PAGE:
American Manners in 1833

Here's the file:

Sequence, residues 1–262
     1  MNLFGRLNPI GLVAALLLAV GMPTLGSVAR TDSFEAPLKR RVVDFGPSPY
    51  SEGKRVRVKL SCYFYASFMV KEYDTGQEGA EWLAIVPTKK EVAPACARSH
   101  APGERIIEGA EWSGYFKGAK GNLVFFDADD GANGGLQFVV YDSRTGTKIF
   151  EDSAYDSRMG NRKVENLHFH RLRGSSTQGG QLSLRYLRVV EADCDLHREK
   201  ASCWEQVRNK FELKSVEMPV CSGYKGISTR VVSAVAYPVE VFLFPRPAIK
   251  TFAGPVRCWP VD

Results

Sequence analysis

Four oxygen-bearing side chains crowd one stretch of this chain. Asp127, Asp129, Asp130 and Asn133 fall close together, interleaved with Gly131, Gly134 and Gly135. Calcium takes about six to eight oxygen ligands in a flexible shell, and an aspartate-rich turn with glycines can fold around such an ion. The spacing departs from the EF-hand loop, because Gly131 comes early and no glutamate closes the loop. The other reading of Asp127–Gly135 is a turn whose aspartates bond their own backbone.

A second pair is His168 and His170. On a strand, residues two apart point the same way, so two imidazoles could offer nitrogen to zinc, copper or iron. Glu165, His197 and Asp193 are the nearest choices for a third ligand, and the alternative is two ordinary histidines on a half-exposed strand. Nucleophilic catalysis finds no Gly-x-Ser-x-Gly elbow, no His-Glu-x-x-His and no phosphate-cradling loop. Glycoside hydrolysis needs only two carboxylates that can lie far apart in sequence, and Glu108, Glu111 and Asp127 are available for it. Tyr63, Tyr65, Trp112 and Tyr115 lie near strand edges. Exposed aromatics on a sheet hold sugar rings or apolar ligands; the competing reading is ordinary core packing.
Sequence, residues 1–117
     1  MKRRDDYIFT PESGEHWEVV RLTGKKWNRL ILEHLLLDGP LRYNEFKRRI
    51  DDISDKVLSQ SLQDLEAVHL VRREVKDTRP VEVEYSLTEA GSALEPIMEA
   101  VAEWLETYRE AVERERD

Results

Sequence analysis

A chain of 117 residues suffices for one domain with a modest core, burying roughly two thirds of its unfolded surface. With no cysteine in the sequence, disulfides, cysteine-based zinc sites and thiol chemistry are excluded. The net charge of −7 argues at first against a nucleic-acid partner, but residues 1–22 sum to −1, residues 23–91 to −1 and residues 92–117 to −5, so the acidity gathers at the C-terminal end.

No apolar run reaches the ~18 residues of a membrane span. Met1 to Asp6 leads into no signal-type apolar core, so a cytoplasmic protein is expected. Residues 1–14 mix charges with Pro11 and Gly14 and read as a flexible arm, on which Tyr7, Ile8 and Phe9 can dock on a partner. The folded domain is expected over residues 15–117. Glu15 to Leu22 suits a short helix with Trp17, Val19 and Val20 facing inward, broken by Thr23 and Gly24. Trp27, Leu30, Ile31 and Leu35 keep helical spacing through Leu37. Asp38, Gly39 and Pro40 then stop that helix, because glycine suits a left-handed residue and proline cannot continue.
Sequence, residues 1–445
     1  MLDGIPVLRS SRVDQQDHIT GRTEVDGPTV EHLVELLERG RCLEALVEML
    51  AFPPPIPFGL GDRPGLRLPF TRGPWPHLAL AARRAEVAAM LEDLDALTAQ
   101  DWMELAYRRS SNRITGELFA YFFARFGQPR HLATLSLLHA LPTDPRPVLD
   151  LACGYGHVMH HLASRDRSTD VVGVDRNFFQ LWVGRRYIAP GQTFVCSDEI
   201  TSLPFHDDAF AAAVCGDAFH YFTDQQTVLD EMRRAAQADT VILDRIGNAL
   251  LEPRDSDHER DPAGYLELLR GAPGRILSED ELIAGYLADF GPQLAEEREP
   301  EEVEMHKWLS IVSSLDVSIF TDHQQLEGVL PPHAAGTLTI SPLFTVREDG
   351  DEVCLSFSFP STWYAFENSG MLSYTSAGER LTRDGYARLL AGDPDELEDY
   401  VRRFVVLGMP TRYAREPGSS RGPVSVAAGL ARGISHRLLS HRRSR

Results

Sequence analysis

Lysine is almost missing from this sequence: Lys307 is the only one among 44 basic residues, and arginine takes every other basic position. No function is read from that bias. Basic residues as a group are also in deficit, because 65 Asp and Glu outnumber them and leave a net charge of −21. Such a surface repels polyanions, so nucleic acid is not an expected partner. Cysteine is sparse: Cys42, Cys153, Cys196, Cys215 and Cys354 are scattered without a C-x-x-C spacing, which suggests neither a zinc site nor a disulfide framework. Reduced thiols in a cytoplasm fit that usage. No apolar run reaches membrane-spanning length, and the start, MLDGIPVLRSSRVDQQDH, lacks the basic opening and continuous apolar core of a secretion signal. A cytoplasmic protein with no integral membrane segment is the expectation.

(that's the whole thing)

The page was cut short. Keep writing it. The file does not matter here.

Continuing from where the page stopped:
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Dublin Penny JournalAmerican Manners in 1833Source: The Dublin Penny Journal, Vol. 3, No. 126 (Nov. 29, 1834), pp. 170-171Published by: Dublin Penny JournalStable URL: http://www.jstor.org/stable/30004199 .Accessed: 19/05/2014 20:33Your use of the JSTOR archive indicates your acceptance of the Terms & Conditions of Use, available at .http://www.jstor.org/page/info/about/policies/terms.jsp .JSTOR is a not-for-profit service that helps scholars, researchers, and students discover, use, and build upon a wide range ofcontent in a trusted digital archive. We use information technology and tools to increase productivity and facilitate new formsof scholarship. For more information about JSTOR, please contact support@jstor.org. .Dublin Penny Journal is collaborating with JSTOR to digitize, preserve and extend access to The Dublin PennyJournal.http://www.jstor.org This content downloaded from 194.29.185.239 on Mon, 19 May 2014 20:33:47 PMAll use subject to JSTOR Terms and Conditionshttp://www.jstor.org/action/showPublisher?publisherCode=dpjhttp://www.jstor.org/stable/30004199?origin=JSTOR-pdfhttp://www.jstor.org/page/info/about/policies/terms.jsphttp://www.jstor.org/page/info/about/policies/terms.jsp170 THE DUBLIN PENNY JOURNAL, AMERICAN MANNERS IN 1S333. Traslated from a Gernnman work by a Correspondent of the Athenceium. SROADWAY, NEW YORK. Broadway,the principal street in New York, is one of the noblest in the world. It is always thronged with carriages-- but the equipages are not so brilliant as the European; the coachmen and footmen are invariably blacks, and the whole concern is merely hired; for not a creature has carriage and horses of his own, excepting those who keep them to let out on hire. The liveliest part of this street is the middle. The beginning of it is formed by the neat but, not spacious dwellings of the oldest wealthy families. Those who have enriched themselves in later times, and these are almost exclusively native Americans, were there- fore obliged to build their magnificent habitations in the third mile of the street. Here they stand, at first inter- mixed with writched houses, then with sheds and huts, and, finally, quite detached, and further apart, scattered among heaps of rubbish, on vacant spots that have never been levelled. A mile in advance are the streets to be occupied by future generations, scarcely indicated on the wild, uneven, rocky soil, upon which here and there a crippled forest-tree owes its existence to the victory of indolence over the love of gain. The shops and the throng of people next claim our at- tention. The Parisians, it is well known, are masters in the art of tastefully decorating their magazines, as they pompously style the most petty shops-of setting off their goods to the bestadvantage, ad displaying them in the most striking and attractiveranner : in this accomplish- meat, the people of New York are not a whit behind them; anid hen you see thbe troops of dressy ladies and officious gentlemen parading the streets and pouring into the shops, you have.not the leastdoubt that a great deal of businessnmust b daone; but I was soon convinced of the contrary. All the shops which I entered were full of ladiesi the aster, as welt as the shopmen, was busily engaged in taking down parcels of goods, opening and tying them up again. Each lady wished to see every- thing, to learn the price of everything, when it arrived, by what ship, from what place, and the like. It is amusing to see the fair querists tumbling over the silks and ribbons with their delicate hands, unrolling everythlin, asking a thousand questions whilst examining the. quahity; at last laying the stuffs in folds, the ribbons in bows, forming the rost elegant draperies, nay, extemporizing whole tableaux with astonishing celerity. When this is over, they leave the shp, promising to call again, and go into the nexth to.rpeatthe ame game, which is kept up from eight in the mor-ng till two in the afternoon. At that hour every .dy goe.s to dnner; they eat mueh and quick, then rest for an hour, and by half-past four the Broadway, is again in full bloom. In spite of the good example, I could not help buying, whenever I went into a shop, some trifle or other, for which, of course, as a foreigner, I was obliged to pay double price ; but the lesson whichkI learned at the same time, amply indemnified me' For the first thing I bought I was asked one dollarandfifty cents. I laid a bank note of two dollars on the counter. The shopkeeper inumne- diately put it into his tilt, andweat to attend to some- thing else. WheaI reminded himt that.h had not given me the change, he coolly asked whether. I vas. sure that I had-paid him, i was speehles: at thisimpdence, when a gentleman interfered, and said with a Freneh accent, ".The lady has paid-forI saw her' Upon this the shop- keeper, without betraying the least embarrassment, gave me back twenty cents; I told him that he ought to have given me fifty. He reckoned for some time, anird then handed me six more cents. Hoping to shame him out of it,.I requested him to lend me the slate, and wrote down for him thelittle account. He immediately rubbed eut wht Ihad.written, made figures for a couple of minutes, ad gav:e me a. few more cents, saying, " Now it is quite rihtIt was nt .rtiht by a great deal; but, being dis- gusted, I turned away, made an obeisance of acknow-. ledgment to "myumnknown protector, and was preparing to leave the. shop, when he addressed me. " I see," said he, in French, " that you are a stranger. Permit me to inform you, that in this country a person never pays even the smallest trifle, without taking a bill and receipt in one hand, while he pays the money with the other : and even then it is highly advisable to have at least one witness to the transaction. Whoever has no time to lose provides himself with change, so that he can pay the exact sum; for it is a principle with the people here to make a profit by everything, and of course by giving change." I thanked him for the hint. The pedestrians in the Broadway confine their peram, bulations to its west side: it is not the fashion, and it would be considered vulgar to walk on the other. Still the carriage-way is crossed here and there by broad stripes paved with large flag stones, like the foot pavement, to keep up the communication. In crossing these stripes, the drivers of carriages are expected to be very cautious The imost urgent business would not induce an American to shorten ,his way by crossing the street at any other place, that, should he suffer any injury from a carriage, he may have a right to claim compensation from the owner. The precipitate crossing of tilhe street, therefore, indicates the foreigner. Independently of this voluntary regulation of street police, the stranger, on !his part, immediately discovers the genuine American among the streaming masses. A long, pale flice, that appears to be stuffed out on one side by a quid of tobacco; lips embrowned by the same herb, deep-seated, large, light, gray eyes; a thoughlt. ful brow, furrowed by the incessant arithmetical exertions of the brain.; a decent, but negligent dress. Such is the picture of the native American. The American, when sitting, may be distinguished at the slightest glance from the native of any other country in the world, If you see a pair of legs stuck up against a window, they belong to some American dandy, who sits rocking himself upon his chair, smoking a cigar or chew. ing tobacco, and is employed, to a certainty, in trimming his nails with a pen-knife. If you pass coffee-houses, ho- tels, pastry-cooks, taverns, and such like places, the street is full of chairs on which loll human bodies, while the legs belonging to them are shored against the wall, or against the pillais that support the awning, spread over the whole breadth of the pavement in front of houses of that kind. From the windowsbeneath the awning dangle as many boots and shoes as can find room at them. Such feet as cannotlhere find a point of support, usurp the back of a chair that is already occupied, and completely bar the way. At such places the tobacco juice is squirted about like a fire of rockets. Among the fair sex may be seen many extremely inter- esting, but mostly pale faces.. The stature is noble, the contours charming; but a fine bosom, and the fresh co. :ours of youth and health are universally wanting. The costume is Parisian, but highly exaggerated, and the most amiable creatures run about like maniacs. In their toi- lette they: are extremely economical. At the end of April the fashions are fixed for the year. Every one then procures a dress and a nddress. bonnet, in the form of which only regar :is paid .tothe fashion, and which is in general made oe ofo cheap stuff, The low prices result from the bad quility of the foreign goods, miade up expressly for this ma.ket; and hence rich and poor, white and black, are a: dressed aIike, You see nothing but elegant people;- and as :in both seesone imiitates another; and all have the greatestresemblance to :each other in -cha- racter, it may: be asserted with : truith, that whoever has seen and' heard onei Amerilcan, has seen and heard all. ~ . - . ... ... ... AN AMERICAN HOTEL. He invited us in; 'it was the landlord himself, and to our great joy, we found ourselves in the Hotel de Com- merce. Yhnder su-ch circumstances, e cotld not be par. ticular about price;:, still my husband di not omit to set. tle that point before-hand, a precaution which, in An:eri- ca, ougiht never to: be: neglected.. . It. was agreed, that for board (without drink) and: lodging. we should pay.. one dollar a day per head, without distincti onof age; and we Were theui conducted 'up handsomely carpeted stairs, to :a This content downloaded from 194.29.185.239 on Mon, 19 May 2014 20:33:47 PMAll use subject to JSTOR Terms and Conditionshttp://www.jstor.org/page/info/about/policies/terms.jspTHE DUBLIN PENNY JOURNAL. 171 spacious apartment, also covered with a magnificent car- pet. It was soon evident that carpets constituted the principal luxury. No sooner had we retired to rest, and closed our weary eyes, than we were roused by a fresh alarm. Gleaner opened the window. Gracious heaven ! what a tumult I fire-engines, with their endless water-pipes, drawn by hun. dreds of sturdy Americans--the liahts of numberless torches-the clang of trumpets-the shouts of people- all failed to waken a creature in the house; the neigh- bours, also, were quiet; so we, too, would have gone to sleep again, but, on opening the windows, such a host of gnats, three times as large as those of Europe, had pene. trated into the room, that we could scarcely breathe.- They tormented us horridly, and next morning we were all, lamentably stung. The sufferings to which we were thus exposed, rendered us indifferent to what was passing abroad; so that in this first-painful night we cou.ld, hear a third alarm of fire with truly American phlegm, without being tempted to open the window again. On the other hand, we waited impatiently for the first dawn of light, in thopes that our nocturnal persecutors would then allow us some rest. This they actually did, probably needing it themselves, for they must have been weary with the work whlich they had done upon us. We went down to the breakfast-room, where we found the long table covered with a variety of hot and cold meats and fish, and surrounded by about thirty guests.-- Each helped himself to what stood before him. One be- gan with salad, then eggs, and then he took a slice of roast beef, washing it clown with coffbe, and following that uip with cold fish; while his neighbour reversed the order. Before we could recover from the astonishment, everything in the shape of eatables was consumed. So much the more was I surprised to hear calls from all sides fbr forks, the use of which I could not divine; as I had already seen that the American has no need of them for eating, but uses his knife alone, :with wonderful dex- terity. A waiter brought several plates full of forks, and set them in the middle of the table. The gentlemen-- what signification these genuine republicans attach to this term, I really do not yet know--immediately fell upon the fbrks; each secured one, rose, and repaired td some part of the room where he could support his feet against the wall. Some even put their legs upon the table, and in this posture began at their ease to pick their teeth and pare their nails. When this operation was finished, each drew from his waistcoat pocket a bit of tobacco prepared for chewing, shoved it with his finger high up beneath the cheek, and hurried away to business. Our host now came to-us. " If," said he, " you would not rise from thie table hungry, you nust fall to imme- diately. I have frequently the most distinguished gentle. men in the country, with their whole families, at my ta- ble, but the meal never lasts longer than ten rninutes.- But let me ask," proceeded our comforter, " have you not slept with your windows open ?" I was just bursting forthl into bitter complaints of the past night, when the landlord resumed with a smile-" it is a pity that the mos- quitoes should have used you so ill the very first night; but they will. let you alone the sooner; you cannot get rid of the persecution of these insects till they have had the last drop of European blood, out of you. In two years, not a mosquito will touch you any more than a native Amerl- can." " Aha !" cried Gleaner, rather peevislhly, " so then a foreigner must part with everything, even with his blood '" " Just so," replied our host, dryly, and a fore- boding shudder came over me. ON THE BEST BOOKS FOR ATTAINING A COT!RECT. KNOWLEDGE OF THE IRISI1 LANGUAGE.. In complliance with the request of.:our correspondent, J. C. Y., we subjoin a list of a: few elementary. books; the first on .or ur lit we would especially. reconmmend as decidedly the best book for a learner : Oiven :Connellan's Gospel, according to St. John, in- Irish, with an interlined English :translation, a Grammatical Praxis, and an appendix of Familiar Conversations, which may be had of Tihus, Dublin; Hamilton and Adams, Pa-. ternoster-row, London : Thady Connellan's English Pri. mer, Guide to the Irish Language, Irish and English Spel- ling Book, Irish Grammar, Irish English Dictionary, Eng- lish Irish Dictionary, and his other elementary books, pub- lished by Walls, Temple-bar; lHatchard, Rivingtons, &c., London. The best grammars are-Dr. Neilson's of Bel- fast, and that published by John Barlow, of Dublin, in 1808os; the latter a very learned and able work, by the late Mr. Halliday, who was certainly one of the best Irish scholars of modern times. This work, vwe fear, is out of print: The Common Prayer, in English and Irish, of which there are many editions; Watts, London; Grierson, Dublin; &c.-the last the best: The New Testament, Watts, London; Grierson, Dublin; and the Bible So- cieties : The Holy Bible, do. do.: The first volume of Keating's History of Ireland, by the late William Halli- day, in opposite pages, 'Irish and English. There is no good English-Irish Dictionary; the Irish-English Dictiona- ries-O'Brien's, of which a new edition has lately been pub. lished, consisting chiefly of the words in the Sacred Scrip- tures-O'Reilly's, which is a muchl more extended and useful work: Armstrong's Scottish-Gaelic Dictionary contains both English and Gaelic, and Gaelic and Eng. lish; and as the Gaelic a.d Irish are but dialects of the same tongue, with very slight and almost imperceptible variations, this book is a most useful assistant to the Irish scholar: The magnificent Gaelic Dictionary, pub. lished by the Highland Society of Scotland, is a very learned and elaborate work, but for all useful purposes we consider Armstrong's sufficient. We rejoice to find the Irish language exciting -curiosity in England; to the grammarian and lexicographer it will afford a valuable mine of etymological wealth, and will supply the radicals for many words which have baffled ent quiry hiitherto in the most ancient as well as the moders languages of Europe; also the meaning of numerous names of the prominent geographical features of Europe- the promontories, estuaries, rivers, mountains, cities, &c. Indeed, we cannot do better than refer to the volume by Sir W.Betham, which we noticed in our 124th number, for proof' of this assertion, where the reader will find many .names collated and explained in a manner which clearly and satisfactorily demonstrates them to :be Irish. That the similarity could have been:the effect of chance, appears to us not only improbable but altogether impossi- ble. Sir William Betham mantaintains, and to our mind has most satisfactorily proved, that the ancient Irish were a colony of Phenicians; lthe names, therefore,were Phenician, and should not in fact be called Irish, as they were mostly given before the Phenicians settled in Ireland. I ANECDOTE OF FREDERICK THE GREAT, KING OF PRUSSIA. Frederick the Great had heard that a corporal in his regiment sof body-guards, who was well known as a re- markably handsUme and brave younig man, wore out of vanity a watch chain, suspended from a leaden bullet in his fob. The kinghad the curiosity to enquire into the circumstance himself; and an opportunity was contrived .tlhat he should meet the corporal as by chance. S"Apropos, corporal," said the king,1." you are a brave fellow, and prudent too, to have spared !enough from youra- pay to buy yourself a watch." " Sire," replied the soldier, "I flatter myself that I at brave; but as to my watch, it is oflittle signification." The king, pulling out a gold watch, set with diamonds, said, "By my watch it is five-what o'clock are you, pray ?" The corporal, pulling out his buhet with a trembling hand replied-" My watch neither ."tells me five nor six, but shows me clearly the death I am to die in your Ma- jesty's rvice " " Well, then," returned the king, that you may likewise see the among the twelve, which you are to die in "my Ks iae I will1 give you mine."? This content downloaded from 194.29.185.239 on Mon, 19 May 2014 20:33:47 PMAll use subject to JSTOR Terms and Conditionshttp://www.jstor.org/page/info/about/policies/terms.jspArticle Contentsp. 170p. 171Issue Table of ContentsThe Dublin Penny Journal, Vol. 3, No. 126 (Nov. 29, 1834), pp. 169-176A Page for Our Juvenile Friends [p. 169-169]American Manners in 1833 [pp. 170-171]On the Best Books for Attaining a Correct Knowledge of the Irish Language [p. 171-171]Anecdote of Frederick the Great, King of Prussia [p. 171-171]The Comic Offering [p. 172-172]The Mysterious Lodger: A Fact [pp. 172-175]A Marrying Man [p. 175-175]Monastery of Clonard in the County of Meath [pp. 175-176]